Lord of the Sabbath
Text: Mark 2:23 – 3:6
Proposition: Jesus is Lord, that truth will contradict what seems right to us and call us to see His priority and plans.
Introduction: The last time we were looking at the Gospel of Mark we saw Jesus say to a paralyzed man, ‘Son, your sins are forgiven you.’ It was in a crowded house and many in that crowd were Pharisees and scribes who were there to keep an eye on this young up and coming rabbi and healer. So when Jesus says that sin has been forgiven this is a huge departure from what they were expecting. They were there to verify the act of healing and Jesus forgives sins! You remember what happened next, Jesus knowing their thinking, then demonstrates the greater power to forgive sins by the lesser power of healing a paralyzed body. So did Jesus walk into a trap, did He not know that what He said would be controversial if not downright explosive? As you continue to read the gospels you see this pattern of Jesus deliberately doing things that reveal more and more of Who He is. Again this morning we see it taking place around a subject of extreme importance, the keeping of the Sabbath Day. Have a look at Mark 2:23- 3:6.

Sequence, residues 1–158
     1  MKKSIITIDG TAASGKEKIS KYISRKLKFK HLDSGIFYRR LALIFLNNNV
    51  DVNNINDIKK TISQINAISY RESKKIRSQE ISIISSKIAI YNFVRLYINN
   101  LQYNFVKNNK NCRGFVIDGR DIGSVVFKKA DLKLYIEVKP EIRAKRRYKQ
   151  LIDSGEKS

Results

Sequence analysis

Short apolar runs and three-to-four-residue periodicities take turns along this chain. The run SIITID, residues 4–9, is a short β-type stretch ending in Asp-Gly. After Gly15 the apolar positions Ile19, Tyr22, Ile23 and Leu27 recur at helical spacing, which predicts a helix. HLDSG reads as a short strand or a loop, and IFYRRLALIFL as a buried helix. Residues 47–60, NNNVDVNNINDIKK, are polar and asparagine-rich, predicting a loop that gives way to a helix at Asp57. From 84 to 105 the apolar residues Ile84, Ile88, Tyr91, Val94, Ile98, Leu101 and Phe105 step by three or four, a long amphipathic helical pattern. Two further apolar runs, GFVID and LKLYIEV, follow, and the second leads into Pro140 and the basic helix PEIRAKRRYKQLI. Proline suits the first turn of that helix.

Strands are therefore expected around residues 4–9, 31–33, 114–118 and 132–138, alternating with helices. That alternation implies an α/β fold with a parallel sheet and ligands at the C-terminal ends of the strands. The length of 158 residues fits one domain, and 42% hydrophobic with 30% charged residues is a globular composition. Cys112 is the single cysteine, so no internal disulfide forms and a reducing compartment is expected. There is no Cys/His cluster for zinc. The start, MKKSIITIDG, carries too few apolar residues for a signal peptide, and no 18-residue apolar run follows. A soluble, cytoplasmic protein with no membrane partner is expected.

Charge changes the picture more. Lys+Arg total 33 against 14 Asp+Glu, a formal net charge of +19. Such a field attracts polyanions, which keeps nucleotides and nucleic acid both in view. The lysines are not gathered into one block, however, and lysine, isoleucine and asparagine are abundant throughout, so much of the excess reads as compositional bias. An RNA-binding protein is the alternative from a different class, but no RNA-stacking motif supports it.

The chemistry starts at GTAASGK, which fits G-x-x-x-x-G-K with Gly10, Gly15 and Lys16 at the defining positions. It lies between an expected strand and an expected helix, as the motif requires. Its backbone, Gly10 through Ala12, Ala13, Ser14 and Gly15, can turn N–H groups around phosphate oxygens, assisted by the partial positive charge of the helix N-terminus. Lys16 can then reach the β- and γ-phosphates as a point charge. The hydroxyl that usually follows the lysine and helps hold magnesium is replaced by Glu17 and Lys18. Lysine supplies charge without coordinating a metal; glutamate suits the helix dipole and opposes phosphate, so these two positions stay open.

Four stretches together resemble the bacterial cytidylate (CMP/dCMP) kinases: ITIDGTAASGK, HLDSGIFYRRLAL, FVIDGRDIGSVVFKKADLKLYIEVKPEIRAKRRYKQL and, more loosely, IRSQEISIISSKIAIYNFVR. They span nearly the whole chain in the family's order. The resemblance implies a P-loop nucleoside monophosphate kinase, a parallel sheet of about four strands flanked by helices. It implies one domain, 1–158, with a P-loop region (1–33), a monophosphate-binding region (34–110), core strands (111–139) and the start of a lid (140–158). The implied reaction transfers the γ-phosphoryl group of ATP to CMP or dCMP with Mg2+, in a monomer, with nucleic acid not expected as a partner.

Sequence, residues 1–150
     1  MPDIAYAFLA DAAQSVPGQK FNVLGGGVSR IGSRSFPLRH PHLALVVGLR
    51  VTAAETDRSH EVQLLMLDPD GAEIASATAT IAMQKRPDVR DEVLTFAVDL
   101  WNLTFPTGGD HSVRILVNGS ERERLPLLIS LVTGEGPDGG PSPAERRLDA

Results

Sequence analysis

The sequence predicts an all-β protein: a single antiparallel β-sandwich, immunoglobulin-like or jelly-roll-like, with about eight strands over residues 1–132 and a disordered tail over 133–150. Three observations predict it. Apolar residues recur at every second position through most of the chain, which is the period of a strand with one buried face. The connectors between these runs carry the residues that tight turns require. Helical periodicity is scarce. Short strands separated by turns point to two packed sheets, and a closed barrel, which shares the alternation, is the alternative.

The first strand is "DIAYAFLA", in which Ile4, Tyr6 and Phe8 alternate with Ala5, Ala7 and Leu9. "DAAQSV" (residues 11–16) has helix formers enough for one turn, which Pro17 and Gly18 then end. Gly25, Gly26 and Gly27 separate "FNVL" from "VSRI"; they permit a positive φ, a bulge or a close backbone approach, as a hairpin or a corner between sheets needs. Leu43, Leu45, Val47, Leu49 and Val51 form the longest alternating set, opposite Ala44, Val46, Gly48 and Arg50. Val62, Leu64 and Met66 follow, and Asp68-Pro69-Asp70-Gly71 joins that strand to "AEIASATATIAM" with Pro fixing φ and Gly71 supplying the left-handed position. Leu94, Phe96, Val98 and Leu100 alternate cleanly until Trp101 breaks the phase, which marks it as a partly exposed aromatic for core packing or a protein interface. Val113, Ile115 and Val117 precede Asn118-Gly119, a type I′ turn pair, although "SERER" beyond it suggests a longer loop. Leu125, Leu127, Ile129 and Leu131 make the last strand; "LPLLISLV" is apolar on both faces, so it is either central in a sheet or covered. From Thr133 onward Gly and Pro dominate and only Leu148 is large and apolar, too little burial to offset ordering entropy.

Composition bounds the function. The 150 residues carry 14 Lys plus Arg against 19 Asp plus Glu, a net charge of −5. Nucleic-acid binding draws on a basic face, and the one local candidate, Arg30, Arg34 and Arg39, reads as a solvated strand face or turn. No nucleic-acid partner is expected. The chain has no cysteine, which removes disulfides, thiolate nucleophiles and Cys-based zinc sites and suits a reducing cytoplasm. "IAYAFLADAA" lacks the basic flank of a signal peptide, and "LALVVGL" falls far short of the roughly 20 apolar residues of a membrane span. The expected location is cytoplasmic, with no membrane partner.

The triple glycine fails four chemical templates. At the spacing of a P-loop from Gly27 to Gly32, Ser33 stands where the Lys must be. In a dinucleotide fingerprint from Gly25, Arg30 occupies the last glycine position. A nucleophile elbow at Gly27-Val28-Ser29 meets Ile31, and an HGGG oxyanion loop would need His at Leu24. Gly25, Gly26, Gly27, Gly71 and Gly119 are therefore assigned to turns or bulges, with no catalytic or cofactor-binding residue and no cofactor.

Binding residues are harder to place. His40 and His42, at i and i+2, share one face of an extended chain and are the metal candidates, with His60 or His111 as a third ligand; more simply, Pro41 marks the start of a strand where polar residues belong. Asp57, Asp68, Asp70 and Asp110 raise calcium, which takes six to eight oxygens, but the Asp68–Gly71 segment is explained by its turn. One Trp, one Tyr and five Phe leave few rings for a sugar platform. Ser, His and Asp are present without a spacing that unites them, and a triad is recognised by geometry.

I. The Reality of the Sabbath Is About What We Need.